My husband and I got married when we were 21. We were both in college, had little part-time jobs, and we didn’t have a dresser. That was our first “big” purchase we needed to make. We were renting a townhouse, he had a car, my parents gave us some furniture, but we didn’t have a dresser. His savings were drained after buying me a ring and taking me on a honeymoon, but I had a little money saved up to get us going on our newlywed journey. When we started pricing out furniture, even spending $100 was a big deal to us! We decided we needed to get our finances together and see exactly how much we had and how much we could spend. That’s how tracking our finances started for us.
I’m not sure why, but my husband had Quicken on his computer. We opened it up and entered our single bank account into the software. This was one of the best financial decisions we’ve ever made! Since that day we’ve tracked every penny we spend and make. Seriously, everything. We’ve been married over 14 years and can look back and see what our monthly expenditures were back in 2004 or whenever. We can see what we saved last year vs what we saved the previous year. We can see our overall networth change, track our mortgage payments, easily find deductions when doing taxes, and more! Even more importantly, we sit down together at least monthly to look at our finances, analyze the charts, and make sure we’re on a successful financial path.
If you are not tracking your finances, I implore you to get started now! It will make a huge difference in every aspect of your finances!
Start with Tracking, Not Budgeting
I want to point out here that tracking is not the same as budgeting. Budgeting is looking at how much you make and then allotting that money to certain items i.e. $500 for groceries, $200 for gas, etc. Tracking your money is recording the details of every dollar you spend and make.
Tracking my spending has been much more beneficial to me than budgeting. While they can go hand in hand, miscellaneous expenses always seem to come up that can be hard to account for in a budget. Plus it’s almost impossible to create a budget if you don’t have a good idea of how much money you are bringing in or spending. If you are not doing so already, start tracking your money TODAY! Once you have tracked it for at least three months, you can get a good picture of what you actually spend. After you have tracked your spending for a year or multiple years, you can compare your income vs. spending, see if your grocery bill is slowly creeping up each month, figure out how much you spend on unplanned expenses, and then set in place a good and realistic budgeting method.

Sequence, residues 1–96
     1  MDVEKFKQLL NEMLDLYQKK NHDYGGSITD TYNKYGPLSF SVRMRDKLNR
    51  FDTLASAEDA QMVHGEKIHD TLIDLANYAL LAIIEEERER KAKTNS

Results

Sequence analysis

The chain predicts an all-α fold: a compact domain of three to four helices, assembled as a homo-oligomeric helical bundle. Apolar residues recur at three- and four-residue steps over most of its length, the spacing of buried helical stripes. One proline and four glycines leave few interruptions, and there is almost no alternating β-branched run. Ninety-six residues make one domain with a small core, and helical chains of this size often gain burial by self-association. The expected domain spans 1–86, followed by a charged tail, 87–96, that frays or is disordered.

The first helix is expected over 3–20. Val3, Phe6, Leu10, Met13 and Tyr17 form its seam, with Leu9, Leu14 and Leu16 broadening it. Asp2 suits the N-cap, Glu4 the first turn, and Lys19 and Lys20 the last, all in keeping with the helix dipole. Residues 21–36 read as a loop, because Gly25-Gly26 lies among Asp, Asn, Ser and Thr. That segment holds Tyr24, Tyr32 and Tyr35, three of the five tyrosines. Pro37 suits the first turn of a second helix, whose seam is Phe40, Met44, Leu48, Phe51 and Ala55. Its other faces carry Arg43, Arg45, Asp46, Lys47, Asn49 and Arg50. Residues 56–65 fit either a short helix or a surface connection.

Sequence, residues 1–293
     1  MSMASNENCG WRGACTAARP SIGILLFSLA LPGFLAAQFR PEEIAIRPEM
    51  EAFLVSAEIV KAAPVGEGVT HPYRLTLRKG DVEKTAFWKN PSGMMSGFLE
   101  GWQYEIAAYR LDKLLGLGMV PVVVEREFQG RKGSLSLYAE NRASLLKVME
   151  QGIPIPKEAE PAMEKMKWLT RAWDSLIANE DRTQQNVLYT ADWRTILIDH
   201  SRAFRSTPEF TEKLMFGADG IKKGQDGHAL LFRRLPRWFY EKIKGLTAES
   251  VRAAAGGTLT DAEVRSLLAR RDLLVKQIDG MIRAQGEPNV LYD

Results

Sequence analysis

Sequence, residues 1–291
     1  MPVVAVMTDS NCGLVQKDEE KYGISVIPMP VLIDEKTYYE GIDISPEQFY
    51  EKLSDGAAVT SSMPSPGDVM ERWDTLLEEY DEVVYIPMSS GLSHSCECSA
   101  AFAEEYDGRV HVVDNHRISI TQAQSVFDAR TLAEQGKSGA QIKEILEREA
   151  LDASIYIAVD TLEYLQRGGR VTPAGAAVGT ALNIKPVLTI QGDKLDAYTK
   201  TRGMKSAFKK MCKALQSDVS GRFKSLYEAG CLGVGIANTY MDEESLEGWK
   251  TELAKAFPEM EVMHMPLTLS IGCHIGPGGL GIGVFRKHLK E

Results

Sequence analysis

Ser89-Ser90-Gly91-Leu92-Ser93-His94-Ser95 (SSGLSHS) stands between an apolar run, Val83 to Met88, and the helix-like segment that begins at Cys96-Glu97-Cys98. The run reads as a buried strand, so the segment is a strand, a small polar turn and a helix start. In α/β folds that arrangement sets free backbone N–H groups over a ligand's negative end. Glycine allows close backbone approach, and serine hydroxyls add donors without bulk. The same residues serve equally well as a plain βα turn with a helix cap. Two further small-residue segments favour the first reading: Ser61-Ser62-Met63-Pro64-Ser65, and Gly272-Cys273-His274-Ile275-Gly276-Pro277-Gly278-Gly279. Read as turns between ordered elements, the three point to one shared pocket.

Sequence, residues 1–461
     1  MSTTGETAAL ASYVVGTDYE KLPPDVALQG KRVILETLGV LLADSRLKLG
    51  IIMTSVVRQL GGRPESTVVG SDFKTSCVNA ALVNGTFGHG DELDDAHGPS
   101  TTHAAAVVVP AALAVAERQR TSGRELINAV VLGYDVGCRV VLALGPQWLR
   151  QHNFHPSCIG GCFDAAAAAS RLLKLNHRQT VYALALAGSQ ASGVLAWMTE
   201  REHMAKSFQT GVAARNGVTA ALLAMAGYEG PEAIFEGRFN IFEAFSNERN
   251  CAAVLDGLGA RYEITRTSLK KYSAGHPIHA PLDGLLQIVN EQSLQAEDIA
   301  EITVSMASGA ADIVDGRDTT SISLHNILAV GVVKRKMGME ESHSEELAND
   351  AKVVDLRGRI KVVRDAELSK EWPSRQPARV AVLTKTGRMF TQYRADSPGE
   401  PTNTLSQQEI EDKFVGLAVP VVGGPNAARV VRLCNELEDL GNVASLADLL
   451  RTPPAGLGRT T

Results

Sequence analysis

How to Track Your Money
There are a lot of free Excel spreadsheets out there that you can download and get started with today. There’s this one or this one or one here. But I personally LOVE Quicken. As I mentioned earlier, I’ve been using it for a long time. Here’s a link to buy it on Amazon. You can import data right from your bank or credit card so it is easily tracked and organized. You can also set budgeting goal, pay bills, set reminders, make custom graphs or charts, and more. It’s helped me compare my spending from month to month and make decisions on if we can afford a vacation or what we should cut back on. While the free spreadsheets are a great start and definitely better than nothing, if you want to get serious about your finances, Quicken is worth the $35 price that it’s currently selling for on Amazon. Here’s a few screenshots that show how clearly Quicken can show you what your spending looks like. Plus they have a mobile app that integrates with their desktop software.
I promise you that tracking your spending will make a HUGE difference in your finances! Get started with one of the free excel spreadsheets I linked to above or by purchasing Quicken. Then set a date either weekly or monthly (no longer) that you’ll sit down at the computer and enter in every penny you spent. If you use your credit or debit card for spending then it’s easy to sign in to your bank and see the details of what you’ve spent. If you use cash, be sure to keep your receipts or carry around a notebook and write your spending down on paper so you can enter it in the computer later. After you’ve been tracking your spending for some time, sit down and take a good look at what needs to be adjusted. One month we decided we would avoid Target and Home Depot since we were making way too many trips there and spending more than we should. We wouldn’t have noticed that if we were diligent about tracking.
5 Reasons to Track Your Spending
- You need to how much money is coming in and where it is going.
- You’ll be accountable for your spending.
- You’ll be aware of questionable charges, fees, or fraudulent activity.
- It will help you set achievable goals and budgeting amounts.
- It will open your eyes to your spending habits.
Do you track your spending? If so, feel free to share your tips and what works for you!